Friday, May 12, 2006

Nature's Formula: A Dash of Brilliance, An Ounce of Madness

March of the Penguins - If you don't know what this is, you're missing out.

For those who haven't seen it, it's a documentary on Emperor penguins in the South Pole and their yearly adventures in raising a baby. Summary: The penguins leave the water once a year and walk 70 miles to get to the breeding ground - the place where they were born. Once there, they find a mate, do their thing, and a month or so later, an egg is born. Mom needs to get back to the sea to feed, but before that can happen, she has to pass the egg to the father. Given the lack of hands and and the freezing conditions, the egg transfer is a tricky process that requires both speed and skill. Once the father gets the egg, he spends the next few months carrying it on top of his feet, shuffling around while balancing the egg. All this is done in weather that ranges from a sizzling -50 degrees WITH the sun to -100 without, days to months without sun at all, and the occasional blizzard with 100 miles per hour winds thrown in for good measure. When the eggs hatch, both fathers and babies starve as they wait for Mom to come back. Meanwhile, the mothers have made it back to sea, fed for themselves and their babies, and hurry the 70 mile trip back to feed their young. When Mom makes it there, she switches places with Dad, who walks 70 miles to fill his belly. They repeat this until the little penguins are old enough to survive on their own.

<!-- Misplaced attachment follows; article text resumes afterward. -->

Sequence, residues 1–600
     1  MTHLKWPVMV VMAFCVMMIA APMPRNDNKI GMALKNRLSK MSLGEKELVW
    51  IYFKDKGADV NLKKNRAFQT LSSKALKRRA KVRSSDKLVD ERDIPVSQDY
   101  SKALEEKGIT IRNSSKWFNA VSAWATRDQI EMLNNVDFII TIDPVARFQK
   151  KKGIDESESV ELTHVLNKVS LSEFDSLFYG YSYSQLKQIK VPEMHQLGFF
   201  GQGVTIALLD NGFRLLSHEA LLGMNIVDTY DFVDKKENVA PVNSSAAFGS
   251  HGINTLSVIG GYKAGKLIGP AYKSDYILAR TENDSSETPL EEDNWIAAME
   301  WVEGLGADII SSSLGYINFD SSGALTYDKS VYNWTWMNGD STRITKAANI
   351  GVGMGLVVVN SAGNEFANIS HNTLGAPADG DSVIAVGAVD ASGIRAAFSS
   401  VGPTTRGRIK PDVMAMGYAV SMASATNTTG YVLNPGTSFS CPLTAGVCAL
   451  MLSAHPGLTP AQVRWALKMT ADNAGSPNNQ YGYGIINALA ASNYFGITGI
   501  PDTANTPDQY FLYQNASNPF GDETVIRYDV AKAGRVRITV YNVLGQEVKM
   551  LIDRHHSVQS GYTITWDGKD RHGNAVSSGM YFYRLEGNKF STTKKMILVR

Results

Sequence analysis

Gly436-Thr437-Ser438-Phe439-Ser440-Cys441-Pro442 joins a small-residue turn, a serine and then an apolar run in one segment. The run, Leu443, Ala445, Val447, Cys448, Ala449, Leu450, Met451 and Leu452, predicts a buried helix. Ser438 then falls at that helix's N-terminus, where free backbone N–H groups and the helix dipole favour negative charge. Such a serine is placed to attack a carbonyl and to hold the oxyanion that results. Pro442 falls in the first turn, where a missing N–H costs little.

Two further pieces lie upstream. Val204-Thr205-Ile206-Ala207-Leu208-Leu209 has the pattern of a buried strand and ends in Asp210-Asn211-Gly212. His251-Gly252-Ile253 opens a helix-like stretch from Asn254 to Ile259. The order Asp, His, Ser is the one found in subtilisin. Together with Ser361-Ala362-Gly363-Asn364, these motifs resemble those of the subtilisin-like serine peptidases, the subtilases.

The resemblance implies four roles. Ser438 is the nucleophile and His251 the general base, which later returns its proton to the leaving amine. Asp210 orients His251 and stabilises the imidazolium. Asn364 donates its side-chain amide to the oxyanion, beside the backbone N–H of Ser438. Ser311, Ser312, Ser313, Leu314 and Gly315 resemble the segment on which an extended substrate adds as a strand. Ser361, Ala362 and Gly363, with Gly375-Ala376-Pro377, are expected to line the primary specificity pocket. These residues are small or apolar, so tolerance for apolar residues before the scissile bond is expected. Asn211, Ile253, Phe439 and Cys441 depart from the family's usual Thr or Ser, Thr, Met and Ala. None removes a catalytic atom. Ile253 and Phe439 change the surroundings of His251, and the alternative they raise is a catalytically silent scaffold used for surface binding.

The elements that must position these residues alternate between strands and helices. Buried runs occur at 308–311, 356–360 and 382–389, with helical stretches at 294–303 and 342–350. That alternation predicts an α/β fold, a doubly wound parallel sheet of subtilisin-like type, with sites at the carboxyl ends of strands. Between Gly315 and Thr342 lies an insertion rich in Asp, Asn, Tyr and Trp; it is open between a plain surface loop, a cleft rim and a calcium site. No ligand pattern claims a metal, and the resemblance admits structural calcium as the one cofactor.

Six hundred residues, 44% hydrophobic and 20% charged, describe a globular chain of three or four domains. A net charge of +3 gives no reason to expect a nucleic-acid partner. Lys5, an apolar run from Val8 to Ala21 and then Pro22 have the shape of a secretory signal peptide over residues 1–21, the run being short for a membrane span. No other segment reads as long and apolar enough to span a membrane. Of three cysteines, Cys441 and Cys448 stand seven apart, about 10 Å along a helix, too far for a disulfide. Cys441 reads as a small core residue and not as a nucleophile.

There are immense dangers at all steps of this process. Penguins can die on the initial march to the breeding ground. Penguins may fail to transfer the egg safely. Or the egg can make it onto Dad's feet, but die in one of those storms as Dad struggles to move against blinding harsh winds. Fathers risk death in the process of protecting his egg or waiting for Mom. Mothers can die during feeding, victim of a predator. Both Mothers and Fathers may die on any one of the return marches, and all has gone well, baby could still meet its demise in its first storm, or as the next meal of a seagull or other predator.

Thoughts after the documentary:

- Thank you Moms and Dads for all the sacrifices you have made for us.

- I should never complain! How can we pity ourselves when these poor things suffer in bitterly cold weather, months since their last meal, and fight for survival against deafening arctic winds?

- What drives these penguins to do this year after year? What drives salmon to make a death swim to the place of their birth to lay eggs? And similarly, what drives young men and women to give up twenty, thirty, forty years of their lives to give birth and raise children? Is it the brilliance of nature, a touch of madness, or really, a combination of the two?

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